I am a parent to a child with mild autism to begin with. Autism is neurodevelopmental disorder characterized by impaired social interaction, impaired verbal and non-verbal communication, and restricted and repetitive behavior as defined by Wikipedia.It is a condition where a child’s (or person’s) communication and social interaction skills are impaired due to its compromised brain function. (I am typing this with a heavy heart…)
Being a mother to an autistic child is not an easy journey and I know it never will be. There are challenges such as financially providing for your child’s needs, judgment and misconceptions of other people thrown at you, resources on how you’re going to raise your child, and a lot more. Also the burden that you wanted so much more for your child but that’s just it. And as a parent of an autistic child, you have to be strong in all aspects, whether’s its emotional, mental and physical. If you’re a parent and been complaining how hard it is to be one, what more if you’re a parent to a child with autism.
1. If You Know Someone Who Has Autism, It Doesn’t Mean They Are All The Same
I don’t have an expert’s opinion but I know my child inside out and have been with other children with autism. My daughter was initially diagnosed with Global Developmental Delay and as the years have passed and tried different schools and therapists, she was eventually diagnosed with mild autism. Autistic children may show similar behaviors but they are all still different when it comes to their communication and social interaction skills. Autism Spectrum Disorder is very diverse in many ways. If you have a friend or family member who has this condition, Do not assume they are all the same.
2. What We Need Most Is Acceptance Rather Than Awareness
According to my research, ASD affects 1 in 68 children (and 1 in 42 boys). The world is already aware what autism is. Governments of many countries have already mandated laws for ASD and there are organizations for Autism awareness. What (we) parents of children with ASD need are equal rights, affordable health care (including occupational and speech therapies), quality education for their needs and a welcoming society. All of those equates to acceptance.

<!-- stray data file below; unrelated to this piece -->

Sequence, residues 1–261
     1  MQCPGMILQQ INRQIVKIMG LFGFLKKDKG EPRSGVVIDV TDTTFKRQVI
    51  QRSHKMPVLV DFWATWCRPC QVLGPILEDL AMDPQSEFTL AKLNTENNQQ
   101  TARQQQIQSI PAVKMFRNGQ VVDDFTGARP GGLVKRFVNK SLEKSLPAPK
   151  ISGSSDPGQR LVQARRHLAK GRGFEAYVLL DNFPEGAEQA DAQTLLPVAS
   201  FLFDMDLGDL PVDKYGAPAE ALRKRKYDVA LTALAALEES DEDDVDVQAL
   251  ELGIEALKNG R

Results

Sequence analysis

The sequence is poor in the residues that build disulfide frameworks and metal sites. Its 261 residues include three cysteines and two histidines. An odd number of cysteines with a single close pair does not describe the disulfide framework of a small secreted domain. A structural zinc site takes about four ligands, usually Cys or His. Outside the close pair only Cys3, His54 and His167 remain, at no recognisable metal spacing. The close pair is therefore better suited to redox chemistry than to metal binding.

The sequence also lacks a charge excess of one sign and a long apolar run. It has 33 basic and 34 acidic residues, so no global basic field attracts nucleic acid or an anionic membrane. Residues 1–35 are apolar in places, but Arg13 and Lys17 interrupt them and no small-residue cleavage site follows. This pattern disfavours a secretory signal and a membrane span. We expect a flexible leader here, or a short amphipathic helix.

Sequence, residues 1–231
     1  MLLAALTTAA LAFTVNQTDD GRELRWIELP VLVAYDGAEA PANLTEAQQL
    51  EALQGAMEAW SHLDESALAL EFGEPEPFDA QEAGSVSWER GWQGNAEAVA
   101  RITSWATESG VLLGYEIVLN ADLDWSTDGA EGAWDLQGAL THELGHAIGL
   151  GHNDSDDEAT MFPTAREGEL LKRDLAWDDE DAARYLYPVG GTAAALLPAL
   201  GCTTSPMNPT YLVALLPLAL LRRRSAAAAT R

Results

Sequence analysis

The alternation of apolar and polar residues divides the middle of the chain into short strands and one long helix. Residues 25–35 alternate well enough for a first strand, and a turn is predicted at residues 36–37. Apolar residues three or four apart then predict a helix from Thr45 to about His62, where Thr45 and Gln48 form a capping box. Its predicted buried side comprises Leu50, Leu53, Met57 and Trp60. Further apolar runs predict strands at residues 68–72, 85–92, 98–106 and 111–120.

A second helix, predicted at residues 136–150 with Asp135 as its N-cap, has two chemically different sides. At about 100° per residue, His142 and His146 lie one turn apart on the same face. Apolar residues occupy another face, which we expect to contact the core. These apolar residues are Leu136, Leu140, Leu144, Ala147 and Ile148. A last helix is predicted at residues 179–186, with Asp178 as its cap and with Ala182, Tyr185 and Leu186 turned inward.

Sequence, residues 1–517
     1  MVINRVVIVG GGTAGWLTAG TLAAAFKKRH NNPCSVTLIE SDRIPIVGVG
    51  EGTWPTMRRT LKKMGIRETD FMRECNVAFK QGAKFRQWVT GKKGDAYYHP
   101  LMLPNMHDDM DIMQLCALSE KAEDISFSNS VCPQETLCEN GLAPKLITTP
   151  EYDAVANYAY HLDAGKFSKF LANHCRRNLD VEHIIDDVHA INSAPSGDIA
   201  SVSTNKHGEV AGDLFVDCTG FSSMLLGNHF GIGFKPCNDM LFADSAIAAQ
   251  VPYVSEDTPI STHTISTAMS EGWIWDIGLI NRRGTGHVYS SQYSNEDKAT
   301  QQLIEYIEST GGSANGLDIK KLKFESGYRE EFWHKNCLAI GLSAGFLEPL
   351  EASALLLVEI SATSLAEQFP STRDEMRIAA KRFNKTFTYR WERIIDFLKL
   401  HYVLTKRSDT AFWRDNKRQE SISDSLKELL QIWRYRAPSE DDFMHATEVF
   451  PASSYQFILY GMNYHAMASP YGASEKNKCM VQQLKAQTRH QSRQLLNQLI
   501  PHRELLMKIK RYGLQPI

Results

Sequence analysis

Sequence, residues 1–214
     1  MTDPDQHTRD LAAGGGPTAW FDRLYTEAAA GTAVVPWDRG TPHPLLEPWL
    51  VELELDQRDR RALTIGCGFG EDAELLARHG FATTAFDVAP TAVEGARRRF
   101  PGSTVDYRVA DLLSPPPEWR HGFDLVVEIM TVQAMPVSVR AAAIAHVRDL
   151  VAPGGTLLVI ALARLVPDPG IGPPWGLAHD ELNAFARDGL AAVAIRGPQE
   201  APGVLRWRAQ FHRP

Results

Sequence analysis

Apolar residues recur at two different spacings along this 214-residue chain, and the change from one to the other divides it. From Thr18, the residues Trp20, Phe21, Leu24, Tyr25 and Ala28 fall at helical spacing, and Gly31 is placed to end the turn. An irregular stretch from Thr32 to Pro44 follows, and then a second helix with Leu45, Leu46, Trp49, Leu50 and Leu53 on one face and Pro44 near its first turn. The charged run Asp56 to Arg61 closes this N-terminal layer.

3. Just Because Some Are Non-Verbal, It Doesn’t Mean They Can’t Totally Understand You And Doesn’t Have Anything To Say
Communication is a struggle for children with Autism. You may interact with them but don’t expect they respond the same way you did with them. Some wants to express through sign language, body language, or tools to express what they want. They are people too who have their own opinions. People in this world are not fully equipped with the understanding, respect, and patience to hear children with autism.
4. We Know More About Our Own Child But Not Autism As A Whole
As parents, our job is to know our children better. What are their needs, wants, how to better interact with them, their behavior and etc. I can tell you my experience being a parent to my child (with autism), share valuable insights, and my challenges. Being a parent to an autistic child have automatically converted me into an Autism Advocate but that doesn’t mean I am an Autism Expert. The experts are the doctors, therapists, and most of all the ones who have autism.
5. We Get Exhausted With Unsolicited Advise and Judgment
If you’re talking in behalf of other people’s experiences and you’re not someone who has an autism condition. We don’t want to hear it. Also keep your opinions to yourselves especially if its something unkind. Some parents tend to take it as a judgment. There is no such thing as constructive criticism here if you’re not the one in the situation.
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